Our SaaS coverage continues. We’ve seen acquisitions starting with Intuit buying PayCycle. Let’s see what’s up with Salesforce.com, and what is SAP likely to acquire with its rather large warchest.
On May 21, Salesforce.com, Inc. (NYSE: CRM), a pioneer in the SaaS sector with annual revenue of $1.077 billion, reported its first quarter results that beat analyst expectations.
Q1 revenue grew 23%y-o-y and 5% q-o-q to $304.9 million while net income was $18.4 million or $0.15 per share. Analysts expected earnings of $0.11 on revenue of $304.73 million. Q4 analysis is available here.
Subscription and support revenues were up 25% y-o-y and 6% q-o-q to $281.8 million. Professional services and other revenues were up 4% y-o-y and down 1% q-o-q to $23.1 million, Salesforce.com added 3,900 customers in the quarter and 15,700 over the year. The total number of customers at the end of the quarter was 59,300.
Deferred revenue at the end of the quarter was $549 million, up 17% y-o-y but down 6% q-o-q. Cash from operations was up 17% y-o-y and 29% q-o-q to $98 million. It ended the quarter with no debt and total cash at $984 million, an increase of $101 million from Q4 and $233 million from the last year.
Salesforce.com says it is not clear when information technology spending patterns would return to normal levels. It has therefore reduced its full year revenue guidance of $1.3 to $1.33 billion by 4% to $1.25 to $1.27 billion. It is however undertaking strong cost control measures and increased earnings outlook from $0.54 to $0.55 to $0.59 to $0.60. Analysts expected revenue of $1.31 billion and EPS of $0.55.
For the second quarter, Salesforce.com expects revenue between $312 and $313 million and EPS between $0.14 and $0.15.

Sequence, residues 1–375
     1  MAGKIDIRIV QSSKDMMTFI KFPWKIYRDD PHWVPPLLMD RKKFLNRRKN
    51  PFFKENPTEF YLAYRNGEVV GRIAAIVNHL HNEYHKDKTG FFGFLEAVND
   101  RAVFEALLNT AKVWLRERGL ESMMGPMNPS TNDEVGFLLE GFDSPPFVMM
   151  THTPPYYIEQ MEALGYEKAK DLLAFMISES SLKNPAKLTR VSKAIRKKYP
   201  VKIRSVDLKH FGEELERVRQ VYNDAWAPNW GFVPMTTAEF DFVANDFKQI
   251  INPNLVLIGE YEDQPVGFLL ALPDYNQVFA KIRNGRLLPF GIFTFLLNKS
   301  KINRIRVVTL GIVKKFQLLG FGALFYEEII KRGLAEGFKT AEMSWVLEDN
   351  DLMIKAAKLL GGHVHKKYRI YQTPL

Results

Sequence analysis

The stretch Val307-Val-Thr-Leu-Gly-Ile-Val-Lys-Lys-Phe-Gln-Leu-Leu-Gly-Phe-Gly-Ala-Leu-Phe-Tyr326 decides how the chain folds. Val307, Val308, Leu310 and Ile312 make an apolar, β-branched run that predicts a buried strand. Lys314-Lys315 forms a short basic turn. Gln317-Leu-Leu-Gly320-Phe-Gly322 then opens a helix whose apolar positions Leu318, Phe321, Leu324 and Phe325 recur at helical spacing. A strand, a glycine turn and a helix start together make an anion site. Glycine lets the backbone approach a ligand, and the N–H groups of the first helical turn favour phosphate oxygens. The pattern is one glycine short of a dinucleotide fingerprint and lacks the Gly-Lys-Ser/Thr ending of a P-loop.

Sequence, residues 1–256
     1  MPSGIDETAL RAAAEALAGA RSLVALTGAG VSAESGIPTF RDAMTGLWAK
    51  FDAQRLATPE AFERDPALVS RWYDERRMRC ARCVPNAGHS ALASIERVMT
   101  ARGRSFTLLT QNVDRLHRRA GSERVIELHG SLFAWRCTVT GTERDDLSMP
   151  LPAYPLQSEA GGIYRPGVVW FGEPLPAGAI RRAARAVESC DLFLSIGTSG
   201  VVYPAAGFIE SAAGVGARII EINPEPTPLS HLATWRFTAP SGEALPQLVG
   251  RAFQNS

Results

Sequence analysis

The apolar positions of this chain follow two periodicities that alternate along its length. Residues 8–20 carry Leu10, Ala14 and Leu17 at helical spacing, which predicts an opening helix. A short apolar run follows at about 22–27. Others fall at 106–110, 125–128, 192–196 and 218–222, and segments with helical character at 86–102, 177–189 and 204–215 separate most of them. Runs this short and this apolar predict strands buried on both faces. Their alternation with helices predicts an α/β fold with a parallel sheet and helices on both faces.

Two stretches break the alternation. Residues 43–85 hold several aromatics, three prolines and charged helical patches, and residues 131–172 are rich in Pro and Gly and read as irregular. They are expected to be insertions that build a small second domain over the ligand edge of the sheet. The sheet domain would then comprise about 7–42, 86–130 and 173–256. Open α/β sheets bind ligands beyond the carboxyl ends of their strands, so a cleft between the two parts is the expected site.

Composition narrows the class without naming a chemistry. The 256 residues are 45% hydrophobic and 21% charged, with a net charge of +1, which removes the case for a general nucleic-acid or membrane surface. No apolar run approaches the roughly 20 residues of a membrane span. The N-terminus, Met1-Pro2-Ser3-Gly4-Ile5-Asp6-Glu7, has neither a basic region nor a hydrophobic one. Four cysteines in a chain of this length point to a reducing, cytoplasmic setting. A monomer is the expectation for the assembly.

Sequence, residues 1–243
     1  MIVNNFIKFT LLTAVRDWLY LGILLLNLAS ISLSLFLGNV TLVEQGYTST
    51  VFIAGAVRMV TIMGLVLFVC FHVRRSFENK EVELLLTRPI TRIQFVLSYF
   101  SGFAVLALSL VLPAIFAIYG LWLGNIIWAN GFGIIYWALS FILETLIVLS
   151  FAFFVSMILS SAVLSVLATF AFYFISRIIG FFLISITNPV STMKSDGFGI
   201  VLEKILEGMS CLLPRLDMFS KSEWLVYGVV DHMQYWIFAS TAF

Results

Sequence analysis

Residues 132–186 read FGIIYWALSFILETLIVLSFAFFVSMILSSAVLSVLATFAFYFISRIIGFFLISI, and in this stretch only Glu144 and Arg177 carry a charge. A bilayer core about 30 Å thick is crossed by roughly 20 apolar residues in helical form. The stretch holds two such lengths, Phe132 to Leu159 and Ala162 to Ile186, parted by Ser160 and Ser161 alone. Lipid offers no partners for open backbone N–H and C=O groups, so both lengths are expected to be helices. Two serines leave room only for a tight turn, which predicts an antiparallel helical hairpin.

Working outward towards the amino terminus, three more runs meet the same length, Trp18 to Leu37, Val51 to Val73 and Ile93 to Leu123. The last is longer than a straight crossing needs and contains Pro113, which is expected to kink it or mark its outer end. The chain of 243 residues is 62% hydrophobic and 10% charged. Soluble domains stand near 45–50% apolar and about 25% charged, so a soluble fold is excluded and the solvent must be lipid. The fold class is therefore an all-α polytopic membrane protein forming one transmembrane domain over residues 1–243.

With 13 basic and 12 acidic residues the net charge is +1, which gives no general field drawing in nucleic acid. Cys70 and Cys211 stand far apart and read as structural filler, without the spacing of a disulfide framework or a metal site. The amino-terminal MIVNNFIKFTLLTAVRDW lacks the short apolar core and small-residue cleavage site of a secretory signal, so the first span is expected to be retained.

It is currently trading around $40 with market cap of about $5 billion. It hit a 52-week high of $45 on May 5. In my last post, I had said that Salesforce.com is likely to go on an acquisition spree, rolling up smaller companies like Apptus and VerticalResponse, which are built on the Force.com platform. Other SaaS companies it may consider within the CRM space are Lucidera and InsideView.
As I have said in my earlier posts, I would not like to see an interesting SaaS company like Salesforce.com being acquired by bigger companies like HP, SAP, Oracle, IBM, or even Microsoft. However, it is a possibility that cannot be ruled out. SAP recently announced that it has a budget of $7 billion for acquisitions, big enough for acquiring Salesforce.com. I have to say this, though, that Salesforce.com and SAP have completely incompatible cultures.
On May 7, Taleo (NASDAQ: TLEO), the leading provider of on demand talent management solutions with annual revenue of $168.4 million reported its first quarter results. Q1 revenue grew 34% to $48.1 million driven by 37% growth in application revenue to $41.2 million. It generated $13.4 million in cash flow from operations. Net loss was $2.2 million or $0.07 per share, compared to net income of $0.6 million $0.02 per share last year. The loss was mainly due to $3.5 million amortization costs related to the Vurv acquisition, as well as increased costs related to its revenue review last quarter.
During the quarter, Taleo signed 166 new customers despite an increasingly volatile global economic climate. It added 19 new Taleo Enterprise Edition(TM) customers, compared to 27 in the last quarter. It also signed 147 new customers for Taleo Business Edition(TM), a recruiting solution targeted at small and medium sized businesses. My interview with its CEO Michael Gregoire is available here.
Taleo is currently trading around $18 with market cap of about $564 million. It hit a 52-week high of $19.29 on June 10. Taleo is a more likely acquisition for SAP, and would be generally easier to integrate.